Wednesday, 13 February 2019

Philite

Recent acquisitions to the museum’s collections include these three commemorative plaques from the 1930s, dedicated to members of the royal family of the Netherlands and to Anton Philips, founder of Philips Electronics. 





The plaques are made from Philite compression moulded urea formaldehyde and produced in the Philips’s Eindhoven factory.  Both phenol and urea formaldehyde, was produced and used extensively by Philips Electronics as the casings of speakers and radios, razors, bowls and trays, door handles, light fittings, and switches etc. and of course commemorative plaques. They are highly stable materials with high wear resistance, high thermal and electrical insulation value, are resistant to very high temperatures, and are virtually non-flammable. Philips first began production of Philite in 1923. 

Pam Langdown
Museum Documentation Officer

Wednesday, 6 February 2019

Bike Helmets


Just before Christmas I foolishly dropped my bicycle helmet causing a large split to the inner foam. Having compromised the integrity of the helmet, I knew it would no longer provide adequate protection and I was going to have to go shopping for a new one. I did some online research to get inspiration for my new purchase and here are a few innovations that caught my eye:  
1. British startup LID Helmets launched their first design, a foldable bike helmet called The Plico, in 2017. It reduces in size by a third to enable easier storage when not in use, automatically adjusts to the size of your head ensuring a correct fit each and every time and is sold with a rear clip-on light pre-attached. Made from a polycarbonate outer shell with an expandedpolystyrene inner core, the foam liner is recycled from the car manufacturing industry.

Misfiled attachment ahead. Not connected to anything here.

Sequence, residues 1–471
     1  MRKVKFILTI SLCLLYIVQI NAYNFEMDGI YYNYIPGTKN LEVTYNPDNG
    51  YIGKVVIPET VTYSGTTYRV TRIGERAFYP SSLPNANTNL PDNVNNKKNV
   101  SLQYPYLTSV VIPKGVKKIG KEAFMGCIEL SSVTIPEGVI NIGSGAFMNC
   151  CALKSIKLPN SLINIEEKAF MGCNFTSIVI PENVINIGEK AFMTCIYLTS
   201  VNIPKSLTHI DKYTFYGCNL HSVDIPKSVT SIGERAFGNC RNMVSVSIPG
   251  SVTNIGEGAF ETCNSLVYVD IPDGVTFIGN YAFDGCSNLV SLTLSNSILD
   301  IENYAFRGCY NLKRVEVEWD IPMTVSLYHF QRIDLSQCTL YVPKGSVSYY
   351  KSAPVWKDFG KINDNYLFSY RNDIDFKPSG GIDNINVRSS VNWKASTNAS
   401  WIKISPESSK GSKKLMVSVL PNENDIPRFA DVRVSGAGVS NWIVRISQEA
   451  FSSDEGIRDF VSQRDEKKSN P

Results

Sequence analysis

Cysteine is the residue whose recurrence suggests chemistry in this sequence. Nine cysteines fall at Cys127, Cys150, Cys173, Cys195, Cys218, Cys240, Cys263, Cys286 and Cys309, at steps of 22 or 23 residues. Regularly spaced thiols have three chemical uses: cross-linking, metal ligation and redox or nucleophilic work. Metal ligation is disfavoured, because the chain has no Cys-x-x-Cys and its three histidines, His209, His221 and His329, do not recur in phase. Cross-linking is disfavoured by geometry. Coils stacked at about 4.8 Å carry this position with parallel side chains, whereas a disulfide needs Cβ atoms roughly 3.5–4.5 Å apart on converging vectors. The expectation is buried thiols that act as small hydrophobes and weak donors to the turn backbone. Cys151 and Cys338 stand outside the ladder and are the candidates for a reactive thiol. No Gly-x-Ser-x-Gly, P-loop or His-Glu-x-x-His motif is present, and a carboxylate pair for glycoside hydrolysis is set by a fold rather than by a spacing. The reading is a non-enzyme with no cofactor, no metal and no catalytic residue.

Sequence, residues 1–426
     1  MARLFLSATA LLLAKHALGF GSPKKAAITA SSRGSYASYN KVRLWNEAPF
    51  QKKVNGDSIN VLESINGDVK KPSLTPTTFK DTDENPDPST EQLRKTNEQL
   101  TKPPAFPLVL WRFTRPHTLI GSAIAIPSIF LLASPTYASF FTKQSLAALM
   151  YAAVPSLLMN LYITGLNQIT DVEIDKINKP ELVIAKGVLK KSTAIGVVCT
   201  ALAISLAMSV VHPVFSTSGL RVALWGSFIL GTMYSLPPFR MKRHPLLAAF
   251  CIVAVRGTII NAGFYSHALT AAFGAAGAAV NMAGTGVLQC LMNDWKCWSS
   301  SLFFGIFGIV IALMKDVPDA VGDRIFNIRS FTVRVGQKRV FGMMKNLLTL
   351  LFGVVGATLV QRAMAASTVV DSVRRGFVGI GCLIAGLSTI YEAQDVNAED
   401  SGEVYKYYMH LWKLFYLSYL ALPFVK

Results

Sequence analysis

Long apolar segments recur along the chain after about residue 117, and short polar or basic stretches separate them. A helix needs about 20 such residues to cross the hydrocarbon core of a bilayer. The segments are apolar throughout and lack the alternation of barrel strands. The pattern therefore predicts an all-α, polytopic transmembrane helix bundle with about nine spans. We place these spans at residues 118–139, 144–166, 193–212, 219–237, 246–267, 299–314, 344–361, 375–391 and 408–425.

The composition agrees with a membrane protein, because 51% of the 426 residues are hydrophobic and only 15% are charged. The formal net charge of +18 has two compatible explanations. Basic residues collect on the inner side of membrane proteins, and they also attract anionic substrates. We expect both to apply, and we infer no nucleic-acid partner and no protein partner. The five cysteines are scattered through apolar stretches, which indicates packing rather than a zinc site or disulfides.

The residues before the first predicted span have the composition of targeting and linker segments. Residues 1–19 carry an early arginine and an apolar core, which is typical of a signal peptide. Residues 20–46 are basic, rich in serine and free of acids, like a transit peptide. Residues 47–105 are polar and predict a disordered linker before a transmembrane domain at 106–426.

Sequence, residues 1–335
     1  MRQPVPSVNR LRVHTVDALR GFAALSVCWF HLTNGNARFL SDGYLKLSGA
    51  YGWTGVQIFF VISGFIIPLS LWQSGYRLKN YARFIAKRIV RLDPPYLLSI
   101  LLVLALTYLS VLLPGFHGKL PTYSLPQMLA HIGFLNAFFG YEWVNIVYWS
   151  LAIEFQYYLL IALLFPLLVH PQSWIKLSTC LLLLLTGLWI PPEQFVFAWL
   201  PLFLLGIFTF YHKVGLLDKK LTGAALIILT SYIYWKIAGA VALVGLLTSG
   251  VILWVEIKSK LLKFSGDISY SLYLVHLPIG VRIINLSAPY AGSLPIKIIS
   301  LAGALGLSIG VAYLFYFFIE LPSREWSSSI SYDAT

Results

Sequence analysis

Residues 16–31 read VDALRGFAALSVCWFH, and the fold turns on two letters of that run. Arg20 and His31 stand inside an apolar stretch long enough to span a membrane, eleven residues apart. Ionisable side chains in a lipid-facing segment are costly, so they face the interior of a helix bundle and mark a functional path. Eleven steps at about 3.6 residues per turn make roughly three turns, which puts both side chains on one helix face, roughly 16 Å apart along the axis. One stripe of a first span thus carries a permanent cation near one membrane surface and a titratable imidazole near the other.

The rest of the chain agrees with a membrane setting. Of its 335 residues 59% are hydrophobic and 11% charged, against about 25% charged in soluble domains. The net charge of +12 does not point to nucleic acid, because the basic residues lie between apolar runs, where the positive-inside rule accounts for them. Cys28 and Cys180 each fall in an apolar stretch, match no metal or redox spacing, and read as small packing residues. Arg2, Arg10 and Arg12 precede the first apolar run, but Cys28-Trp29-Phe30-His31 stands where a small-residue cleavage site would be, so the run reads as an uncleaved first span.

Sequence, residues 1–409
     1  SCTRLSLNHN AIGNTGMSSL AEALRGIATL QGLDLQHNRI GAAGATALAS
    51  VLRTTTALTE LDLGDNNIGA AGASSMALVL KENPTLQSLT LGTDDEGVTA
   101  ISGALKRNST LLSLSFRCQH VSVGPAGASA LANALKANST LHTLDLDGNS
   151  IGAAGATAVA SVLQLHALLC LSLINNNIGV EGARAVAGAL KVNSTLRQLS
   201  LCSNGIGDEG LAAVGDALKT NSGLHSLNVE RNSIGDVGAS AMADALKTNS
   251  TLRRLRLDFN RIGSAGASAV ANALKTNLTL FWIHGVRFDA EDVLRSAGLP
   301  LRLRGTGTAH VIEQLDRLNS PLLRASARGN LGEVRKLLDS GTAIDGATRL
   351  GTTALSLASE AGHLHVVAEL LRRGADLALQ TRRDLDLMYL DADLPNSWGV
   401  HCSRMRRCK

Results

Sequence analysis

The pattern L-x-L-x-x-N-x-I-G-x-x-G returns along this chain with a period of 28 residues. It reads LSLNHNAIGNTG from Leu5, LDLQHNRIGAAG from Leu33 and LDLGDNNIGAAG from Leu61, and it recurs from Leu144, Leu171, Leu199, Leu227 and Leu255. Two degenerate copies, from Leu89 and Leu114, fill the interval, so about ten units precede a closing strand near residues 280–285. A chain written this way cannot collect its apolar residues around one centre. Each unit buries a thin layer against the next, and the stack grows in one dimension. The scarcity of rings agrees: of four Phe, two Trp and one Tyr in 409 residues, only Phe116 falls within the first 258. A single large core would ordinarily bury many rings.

The Plico in both extended and folded position.
Picture Credit: https://lidhelmets.cc/

2. Park & Diamond have designed a collapsible bike helmet that looks like a baseball cap and folds down to the size of a water-bottle for easy storage. It also has a polycarbonate outer shell but an ethylene-vinyl acetate inner core, which the company claims will absorb and dissipate three times more elastic energy than a traditional bike helmet. The outer skin is interchangeable so that the colour of the helmet can be easily changed.

Picture Credit: https://www.park-and-diamond.com/
3. Swedish company Hövding have to date sold more than 130,000 of their revolutionary airbag helmet. Made of nylon, the helmet sits around the neck like a collar with a gas inflator stored within, powered by a battery. The collar contains sensors that are controlled by an algorithm that can distinguish between normal cycling and an accident. 

Picture credit: https://hovding.com/
MoDiP has a number of bike helmets in the collection as well as a range of other sports and safety helmets that can be viewed or borrowed for inspiration.

Katherine Pell, Museum Collections Officer.